Real-time PCR quantification and spatio-temporal distribution of airborne inoculum of Mycosphaerella graminicola in Belgium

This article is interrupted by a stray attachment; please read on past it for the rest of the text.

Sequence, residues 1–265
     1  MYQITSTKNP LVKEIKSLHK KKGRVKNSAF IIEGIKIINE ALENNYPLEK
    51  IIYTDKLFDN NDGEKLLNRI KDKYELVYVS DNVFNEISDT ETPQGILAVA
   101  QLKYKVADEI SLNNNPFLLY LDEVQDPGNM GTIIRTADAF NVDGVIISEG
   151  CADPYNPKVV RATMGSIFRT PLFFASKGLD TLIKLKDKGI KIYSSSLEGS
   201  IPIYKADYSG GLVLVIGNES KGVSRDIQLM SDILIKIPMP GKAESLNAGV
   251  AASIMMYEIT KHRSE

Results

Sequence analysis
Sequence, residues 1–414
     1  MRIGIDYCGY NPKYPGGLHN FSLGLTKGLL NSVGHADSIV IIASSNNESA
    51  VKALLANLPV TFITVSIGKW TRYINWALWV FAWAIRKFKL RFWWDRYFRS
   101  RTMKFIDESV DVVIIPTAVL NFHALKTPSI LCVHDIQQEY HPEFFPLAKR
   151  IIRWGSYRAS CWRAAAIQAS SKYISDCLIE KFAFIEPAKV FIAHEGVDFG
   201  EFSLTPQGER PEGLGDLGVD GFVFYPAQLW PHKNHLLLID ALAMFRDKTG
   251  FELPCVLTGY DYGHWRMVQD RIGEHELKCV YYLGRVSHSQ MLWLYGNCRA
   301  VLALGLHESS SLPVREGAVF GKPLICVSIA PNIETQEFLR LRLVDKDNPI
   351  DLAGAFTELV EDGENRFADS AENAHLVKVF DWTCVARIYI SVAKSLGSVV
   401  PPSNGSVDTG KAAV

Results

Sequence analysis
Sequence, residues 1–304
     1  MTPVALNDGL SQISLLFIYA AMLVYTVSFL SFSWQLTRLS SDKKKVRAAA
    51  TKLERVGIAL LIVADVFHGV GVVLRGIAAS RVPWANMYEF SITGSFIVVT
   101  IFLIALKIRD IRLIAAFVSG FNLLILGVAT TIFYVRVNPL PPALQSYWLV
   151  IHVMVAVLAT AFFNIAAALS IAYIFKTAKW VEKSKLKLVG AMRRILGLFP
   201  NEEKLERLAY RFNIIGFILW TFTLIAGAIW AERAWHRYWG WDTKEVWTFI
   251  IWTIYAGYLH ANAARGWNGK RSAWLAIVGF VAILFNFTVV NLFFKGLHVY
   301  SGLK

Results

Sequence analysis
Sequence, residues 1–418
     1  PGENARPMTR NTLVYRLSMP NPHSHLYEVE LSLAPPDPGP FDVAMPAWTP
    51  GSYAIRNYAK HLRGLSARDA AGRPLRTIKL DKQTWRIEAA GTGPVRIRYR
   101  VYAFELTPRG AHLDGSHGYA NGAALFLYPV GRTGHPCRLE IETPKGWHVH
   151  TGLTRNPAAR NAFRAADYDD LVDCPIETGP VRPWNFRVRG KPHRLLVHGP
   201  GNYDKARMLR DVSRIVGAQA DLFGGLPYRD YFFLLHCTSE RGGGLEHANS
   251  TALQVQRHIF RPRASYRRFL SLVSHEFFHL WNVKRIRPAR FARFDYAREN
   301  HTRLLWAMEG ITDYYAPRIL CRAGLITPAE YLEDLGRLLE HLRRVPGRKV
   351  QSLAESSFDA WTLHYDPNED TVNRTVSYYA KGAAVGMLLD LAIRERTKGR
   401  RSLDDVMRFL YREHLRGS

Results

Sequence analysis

The fungal pathogen Monilinia fructicola causes blossom blight and fruit brown rot of stone fruits in California. In this study, spore densities in the air were monitored in six orchard/year combinations with Burkard spore traps. A real-time PCR assay was developed to efficiently quantify the dynamics of spore density in these orchards during the growing season. Different patterns of dynamics of spore density were observed in these orchards. A linear relationship between numbers of spores counted with a compound microscope and those determined with the real-time PCR assay was obtained, using the same samples of spore traps. Spore density in five of six orchard/year combinations ranged from 0.0 to 0.05 spores l−1, except for that in orchard 4, which showed much higher values of spore density in the air, as well as higher values and wider range of incidences of blossom infection and fruit rot than those in the other orchards. The results demonstrated a potential method to quantitatively determine spore inoculum potential in orchards by using a real-time PCR assay.